In analyzing a mental impairment such as Corrao's substance abuse addiction, the Secretary must consider the evidence in the case record--the mental status examination and psychiatric history. See 20 C.F.R. Sec. 916.920a(b). In concluding that Corrao does not suffer from a serious impairment, the ALJ failed to consider any of the expert medical testimony, and cited absolutely no evidence to support her conclusion that Corrao's disability is not severe.

We review the record as a whole to determine if substantial evidence supports the ALJ's conclusion that Corrao is not disabled. Both Corrao's personal history and the credible medical testimony and reports clearly support the view of this panel that Corrao suffers from a severe impairment and is disabled within the meaning of the Social Security Act.4 

Corrao has been hopelessly addicted to heroin for over thirty years and suffers from documented personality disorders. He consumes over twelve beers and a half pint of whisky daily. He has absolutely no relevant work experience and has been unable to hold a job since 1972 due to his uncontrollable addictions and outbursts. Because of his addictions, Corrao is periodically subject to periods of unconsciousness. Attempts to treat Corrao's substance addiction with methodone have been unsuccessful.

At the hearing, the medical expert Dr. Wilson testified that Corrao suffers from moderate restrictions in his ability to perform the activities of daily living. He suffers from marked restrictions in his ability to maintain social functioning, and his deficiencies in concentration would result in frequent failure to complete tasks in a timely manner. Finally, Dr. Wilson indicated that in a work-like setting Corrao would suffer from repeated episodes of deterioration, which would cause him to withdraw from that situation. This testimony combined with Corrao's personal history indicate that Corrao's heroin addiction clearly meets the requirements for listed impairments such that he is disabled within the meaning of the Social Security Act.5  20 C.F.R. Pt. 404, Subpt. P. App. 1 Sec. 12.09; 20 C.F.R. Secs. 916.920a & 916.925 (1993).


Because we find that Corrao is disabled within the meaning of the regulations, we reverse the district court's order and remand to the district court for remand to the Secretary with instructions to make a determination of whether he meets the income and resources requirements for the award of benefits.



Donna E. Shalala has been substituted for her predecessor, Louis W. Sullivan, as Secretary of the Department of Health and Human Services. Fed. R. App. P. 43(c) (1)


Honorable Hubert L. Will, Senior United States District Judge for the Northern District of Illinois, sitting by designation


The few federal district courts that have addressed this question have agreed that illegal activity may form the basis of a finding of SGA. See Hart v. Sullivan, 824 F. Supp. 903 (N.D. Cal. 1992); Bell v. Sullivan, 817 F. Supp. 719 (N.D. Ill. 1993); Jones v. Sullivan, 804 F. Supp. 1045 (N.D. Ill. 1992)


We also note that the tax code's definition of "gross income" was adopted by the Social Security Act for the purposes of determining whether the claimant's income is sufficiently low to make her eligible for SSI benefits. 42 U.S.C. § 1382(d). If illegal gains are taxable under the Internal Revenue Code, it is reasonable to conclude that illegal activities may be SGA under the Social Security Act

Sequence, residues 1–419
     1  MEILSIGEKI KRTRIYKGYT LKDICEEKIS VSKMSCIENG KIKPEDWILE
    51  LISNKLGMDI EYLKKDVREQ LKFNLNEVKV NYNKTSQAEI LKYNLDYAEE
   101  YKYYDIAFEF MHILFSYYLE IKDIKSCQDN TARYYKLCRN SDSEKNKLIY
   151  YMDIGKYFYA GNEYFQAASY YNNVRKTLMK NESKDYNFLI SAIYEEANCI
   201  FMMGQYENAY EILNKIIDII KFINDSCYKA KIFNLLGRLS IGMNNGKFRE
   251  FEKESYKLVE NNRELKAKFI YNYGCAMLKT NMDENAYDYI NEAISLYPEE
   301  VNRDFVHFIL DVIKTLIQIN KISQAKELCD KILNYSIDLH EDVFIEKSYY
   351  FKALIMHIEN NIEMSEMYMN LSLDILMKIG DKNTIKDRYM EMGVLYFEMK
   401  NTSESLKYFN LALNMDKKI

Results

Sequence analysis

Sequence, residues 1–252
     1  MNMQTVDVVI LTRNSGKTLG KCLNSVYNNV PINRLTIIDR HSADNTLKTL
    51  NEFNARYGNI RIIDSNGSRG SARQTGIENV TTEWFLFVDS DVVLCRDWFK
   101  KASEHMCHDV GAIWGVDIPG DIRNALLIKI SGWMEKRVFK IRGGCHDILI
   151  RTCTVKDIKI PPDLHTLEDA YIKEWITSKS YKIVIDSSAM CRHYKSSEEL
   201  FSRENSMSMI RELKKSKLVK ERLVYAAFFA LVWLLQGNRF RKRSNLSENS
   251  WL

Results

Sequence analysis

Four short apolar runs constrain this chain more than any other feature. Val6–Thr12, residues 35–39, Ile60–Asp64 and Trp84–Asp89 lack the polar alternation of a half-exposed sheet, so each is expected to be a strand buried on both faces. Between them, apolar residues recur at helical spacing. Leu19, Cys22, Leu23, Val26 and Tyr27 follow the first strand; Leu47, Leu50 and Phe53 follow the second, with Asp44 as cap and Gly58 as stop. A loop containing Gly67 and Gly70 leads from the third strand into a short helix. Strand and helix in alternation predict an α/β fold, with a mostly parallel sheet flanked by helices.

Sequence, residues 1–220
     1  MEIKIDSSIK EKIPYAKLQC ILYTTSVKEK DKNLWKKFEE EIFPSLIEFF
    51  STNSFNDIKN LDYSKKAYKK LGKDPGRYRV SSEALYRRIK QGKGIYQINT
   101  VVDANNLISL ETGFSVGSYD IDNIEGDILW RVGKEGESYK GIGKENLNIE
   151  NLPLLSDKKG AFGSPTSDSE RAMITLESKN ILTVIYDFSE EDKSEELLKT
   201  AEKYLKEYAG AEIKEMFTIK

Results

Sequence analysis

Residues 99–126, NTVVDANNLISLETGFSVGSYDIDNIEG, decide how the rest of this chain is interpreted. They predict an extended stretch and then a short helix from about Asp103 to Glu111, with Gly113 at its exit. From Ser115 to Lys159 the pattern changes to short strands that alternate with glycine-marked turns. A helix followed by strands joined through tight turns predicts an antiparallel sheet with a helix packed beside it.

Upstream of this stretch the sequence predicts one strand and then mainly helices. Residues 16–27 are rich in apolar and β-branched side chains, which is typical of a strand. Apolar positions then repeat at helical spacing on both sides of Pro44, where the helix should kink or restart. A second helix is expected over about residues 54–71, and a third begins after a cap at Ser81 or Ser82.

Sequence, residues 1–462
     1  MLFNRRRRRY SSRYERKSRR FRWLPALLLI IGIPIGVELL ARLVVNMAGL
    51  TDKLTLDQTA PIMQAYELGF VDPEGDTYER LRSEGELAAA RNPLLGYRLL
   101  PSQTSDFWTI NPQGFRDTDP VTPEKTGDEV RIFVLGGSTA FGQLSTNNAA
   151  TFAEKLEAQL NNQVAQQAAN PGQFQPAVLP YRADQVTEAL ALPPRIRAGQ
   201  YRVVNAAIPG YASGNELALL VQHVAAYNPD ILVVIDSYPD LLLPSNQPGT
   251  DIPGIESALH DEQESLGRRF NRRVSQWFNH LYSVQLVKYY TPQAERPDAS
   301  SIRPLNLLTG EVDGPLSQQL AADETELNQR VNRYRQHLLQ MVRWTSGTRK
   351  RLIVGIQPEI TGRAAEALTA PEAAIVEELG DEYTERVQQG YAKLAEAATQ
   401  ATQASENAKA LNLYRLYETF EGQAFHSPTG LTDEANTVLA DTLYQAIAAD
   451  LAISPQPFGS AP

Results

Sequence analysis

The Social Security Act provides for the payment of Disability Insurance Benefits to disabled persons who have contributed to the Social Security program, 42 U.S.C. § 401 et seq., and for the payment of SSI to disabled persons with low income. 42 U.S.C. § 1382 et seq. Both provisions define disability, in part, as an "inability to engage in any substantial gainful activity" due to "a medically determinable physical or mental impairment...." 42 U.S.C. §§ 423(d) (1) (a) & 1382c(a) (3) (A). A parallel five-step sequential evaluation governs eligibility for benefits under both programs. See 20 C.F.R. Secs. 404.1520, 404.1571-76, 416.920 & 416.971-76. Our opinion therefore relies on cases applying both sets of regulations. See Dotson, 1 F.3d at 574; Fanning v. Bowen, 827 F.2d 631, 632 n. 1 (9th Cir. 1987)


"When we reverse an ALJ's findings on the ground that they are not supported by substantial evidence, we must decide whether to remand for further development of the record." Ceguerra v. Secretary of Health & Human Servs., 933 F.2d 735, 740 (9th Cir. 1991). In this case, as in Ceguerra, the record is sufficiently complete to resolve Corrao's contention that he is disabled. Id. There is no need to further develop the factual record because a certified board psychiatrist testified at Corrao's hearing about Corrao's mental condition


The ALJ relied on several reports to conclude that Corrao is not severely disabled. These written reports, however, do not support such a conclusion. The reports recognize that Corrao suffers from heroin addiction, anti-social personality disorder, and has an impaired ability to relate to others. Even if, as the reports recognize, Corrao can perform simple repetitive tasks and understand instructions during a short interview, we cannot understand how such abilities render a heroin-addicted individual with documented personality disorders not severely disabled. Because Corrao's addiction clearly has more than a minimal impact on his ability to work, see Yuckert, 841 F.2d at 306, his disability cannot be considered not severe within the meaning of the Social Security Act